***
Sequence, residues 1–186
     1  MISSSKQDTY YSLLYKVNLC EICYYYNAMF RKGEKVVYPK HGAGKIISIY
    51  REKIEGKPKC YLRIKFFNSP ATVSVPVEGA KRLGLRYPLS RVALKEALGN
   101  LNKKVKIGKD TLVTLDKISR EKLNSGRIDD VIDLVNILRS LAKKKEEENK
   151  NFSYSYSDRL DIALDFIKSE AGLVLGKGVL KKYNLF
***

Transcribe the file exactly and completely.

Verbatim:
Sequence, residues 1–186
     1  MISSSKQDTY YSLLYKVNLC EICYYYNAMF RKGEKVVYPK HGAGKIISIY
    51  REKIEGKPKC YLRIKFFNSP ATVSVPVEGA KRLGLRYPLS RVALKEALGN
   101  LNKKVKIGKD TLVTLDKISR EKLNSGRIDD VIDLVNILRS LAKKKEEENK
   151  NFSYSYSDRL DIALDFIKSE AGLVLGKGVL KKYNLF